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LSE group counters select committee report on piracy measures

By | Published on Friday 4 October 2013

London School Of Economics

The London School Of Economics’ Media Policy Project has published a new paper disagreeing with that previously reported report from parliament’s Culture, Media & Sport Select Committee that concluded that the “dilution of intellectual property rights” was jeopardising the UK’s successful creative industries.

The select committee called on government to do more to help IP owners to enforce their rights, including speeding up the implementation of the 2010 Digital Economy Act, which included a ‘three-strikes’ system for tackling online piracy. But the LSE report says that, far from speeding up the implementation of the copyright section of the DEA, which would force internet service providers to send warning letters to suspected file-sharers, government should totally review and possibly reform that legislation.

The new report relies heavily on previously published research from the LSE unit regards the state of the music business, which disputes the industry’s claim that it has been economically hit by the rise in online file-sharing and piracy.

This argument is based primarily on the growth in live music revenues during the decade in which recorded music sales have slumped. Of course doing so ignores the divide between the music rights and live industries, and the fact that it’s the former that traditionally invests in new talent, securing its investment on IP and not live income.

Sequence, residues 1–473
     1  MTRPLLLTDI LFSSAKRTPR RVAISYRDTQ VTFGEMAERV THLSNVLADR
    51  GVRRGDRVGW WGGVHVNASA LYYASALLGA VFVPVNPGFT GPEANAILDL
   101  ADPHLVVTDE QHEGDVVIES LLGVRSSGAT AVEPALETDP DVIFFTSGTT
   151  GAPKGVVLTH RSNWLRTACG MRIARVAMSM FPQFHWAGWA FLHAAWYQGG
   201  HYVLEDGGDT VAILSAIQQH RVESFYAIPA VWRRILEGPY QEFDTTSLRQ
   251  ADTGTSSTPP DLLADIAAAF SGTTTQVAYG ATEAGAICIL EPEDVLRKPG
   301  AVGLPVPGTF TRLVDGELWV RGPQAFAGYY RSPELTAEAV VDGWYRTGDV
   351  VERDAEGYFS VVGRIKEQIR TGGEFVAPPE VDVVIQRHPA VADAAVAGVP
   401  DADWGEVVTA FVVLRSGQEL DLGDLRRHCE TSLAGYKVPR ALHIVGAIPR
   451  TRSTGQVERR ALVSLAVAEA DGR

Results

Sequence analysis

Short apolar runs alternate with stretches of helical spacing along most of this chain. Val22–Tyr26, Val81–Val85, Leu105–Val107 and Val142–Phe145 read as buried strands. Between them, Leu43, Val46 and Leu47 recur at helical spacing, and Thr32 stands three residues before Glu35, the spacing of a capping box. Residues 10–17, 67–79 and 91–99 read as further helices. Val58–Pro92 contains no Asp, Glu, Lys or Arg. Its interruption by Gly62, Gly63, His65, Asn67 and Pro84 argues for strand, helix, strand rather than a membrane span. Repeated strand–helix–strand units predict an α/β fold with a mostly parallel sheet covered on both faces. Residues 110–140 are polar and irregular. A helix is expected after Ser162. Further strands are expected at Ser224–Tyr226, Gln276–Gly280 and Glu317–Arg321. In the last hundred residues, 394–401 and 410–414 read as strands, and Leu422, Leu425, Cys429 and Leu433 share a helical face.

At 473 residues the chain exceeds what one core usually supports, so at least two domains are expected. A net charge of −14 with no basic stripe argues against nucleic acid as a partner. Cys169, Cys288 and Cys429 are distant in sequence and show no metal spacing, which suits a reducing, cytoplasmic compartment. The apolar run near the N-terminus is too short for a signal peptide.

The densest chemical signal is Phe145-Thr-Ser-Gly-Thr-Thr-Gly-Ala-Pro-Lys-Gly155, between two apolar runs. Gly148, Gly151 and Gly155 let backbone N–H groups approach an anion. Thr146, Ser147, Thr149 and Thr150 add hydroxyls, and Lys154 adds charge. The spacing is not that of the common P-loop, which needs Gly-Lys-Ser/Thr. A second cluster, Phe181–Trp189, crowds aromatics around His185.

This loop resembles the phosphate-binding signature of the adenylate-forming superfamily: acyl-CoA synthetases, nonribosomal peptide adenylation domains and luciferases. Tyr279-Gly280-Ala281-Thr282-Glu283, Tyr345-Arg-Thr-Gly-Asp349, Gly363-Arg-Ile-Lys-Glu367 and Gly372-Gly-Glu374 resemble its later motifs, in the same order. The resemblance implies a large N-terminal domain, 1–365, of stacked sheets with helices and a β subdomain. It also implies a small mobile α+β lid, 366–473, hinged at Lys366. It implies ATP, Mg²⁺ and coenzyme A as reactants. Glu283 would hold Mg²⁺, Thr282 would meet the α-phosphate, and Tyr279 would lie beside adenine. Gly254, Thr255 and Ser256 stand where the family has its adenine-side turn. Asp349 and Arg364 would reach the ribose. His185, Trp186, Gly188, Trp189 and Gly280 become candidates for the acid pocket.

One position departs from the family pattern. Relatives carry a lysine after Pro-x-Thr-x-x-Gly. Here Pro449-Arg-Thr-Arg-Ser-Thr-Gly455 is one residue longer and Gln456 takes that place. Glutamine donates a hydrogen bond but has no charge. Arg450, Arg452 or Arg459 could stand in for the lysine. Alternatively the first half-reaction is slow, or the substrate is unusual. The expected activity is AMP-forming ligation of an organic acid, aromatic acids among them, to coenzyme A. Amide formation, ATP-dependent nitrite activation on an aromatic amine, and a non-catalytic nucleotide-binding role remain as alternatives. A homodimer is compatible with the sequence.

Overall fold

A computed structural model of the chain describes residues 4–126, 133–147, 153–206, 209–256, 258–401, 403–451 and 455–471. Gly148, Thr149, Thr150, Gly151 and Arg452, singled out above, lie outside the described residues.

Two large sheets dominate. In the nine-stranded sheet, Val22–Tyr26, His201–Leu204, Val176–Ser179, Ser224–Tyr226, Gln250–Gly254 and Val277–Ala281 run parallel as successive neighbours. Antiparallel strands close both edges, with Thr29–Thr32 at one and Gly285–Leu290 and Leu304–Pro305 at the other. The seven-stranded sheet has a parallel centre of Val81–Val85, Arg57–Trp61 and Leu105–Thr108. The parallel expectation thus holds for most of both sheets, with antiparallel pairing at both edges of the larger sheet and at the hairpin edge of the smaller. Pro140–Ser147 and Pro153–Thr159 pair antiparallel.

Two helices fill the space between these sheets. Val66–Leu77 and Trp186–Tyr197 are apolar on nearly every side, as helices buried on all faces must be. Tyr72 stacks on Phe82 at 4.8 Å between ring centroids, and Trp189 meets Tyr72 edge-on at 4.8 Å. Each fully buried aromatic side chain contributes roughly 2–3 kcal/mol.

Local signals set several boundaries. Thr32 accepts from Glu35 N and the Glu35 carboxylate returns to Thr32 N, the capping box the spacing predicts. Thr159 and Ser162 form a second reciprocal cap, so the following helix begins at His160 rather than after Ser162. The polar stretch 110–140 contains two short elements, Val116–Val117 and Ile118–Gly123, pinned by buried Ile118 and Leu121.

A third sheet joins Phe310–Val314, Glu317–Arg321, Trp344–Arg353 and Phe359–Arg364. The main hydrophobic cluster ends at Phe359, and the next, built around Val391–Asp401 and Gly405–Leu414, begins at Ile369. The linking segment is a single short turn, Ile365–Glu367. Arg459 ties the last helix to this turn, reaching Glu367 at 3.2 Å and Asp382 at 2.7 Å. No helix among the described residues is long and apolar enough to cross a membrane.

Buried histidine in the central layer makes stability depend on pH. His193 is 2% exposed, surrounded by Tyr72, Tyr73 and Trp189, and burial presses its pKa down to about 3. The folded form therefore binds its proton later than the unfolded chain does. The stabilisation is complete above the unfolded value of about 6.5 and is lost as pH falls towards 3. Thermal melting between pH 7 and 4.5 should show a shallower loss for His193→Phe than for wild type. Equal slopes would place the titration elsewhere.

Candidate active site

And even if labels, as the primary investors, started to dabble in the live space, massive revenues in that domain do not necessarily equate to massive profits, especially in a world where a sizable portion of that revenue goes to a relatively small number of A-list artists.

But even if you don’t accept the LSE group’s arguments with regard to the economic need, or not, to help the music industry protect it’s copyrights – and most labels and publishers would not – the university’s paper then considers the success, or not, of three-strikes systems elsewhere in the world, and especially in France. It says that the way said systems have gone in other countries throws up further doubt regards the potential effectiveness of the anti-piracy measures contained in the DEA.

The paper concludes: “We recommend a review of the DEA copyright enforcement measures in the light of the experience of France and countries that implemented a graduated response approach based on independent analysis of the social, cultural and political impacts of punitive copyright infringement enforcement targeting individuals”.

You can read the LSE report here.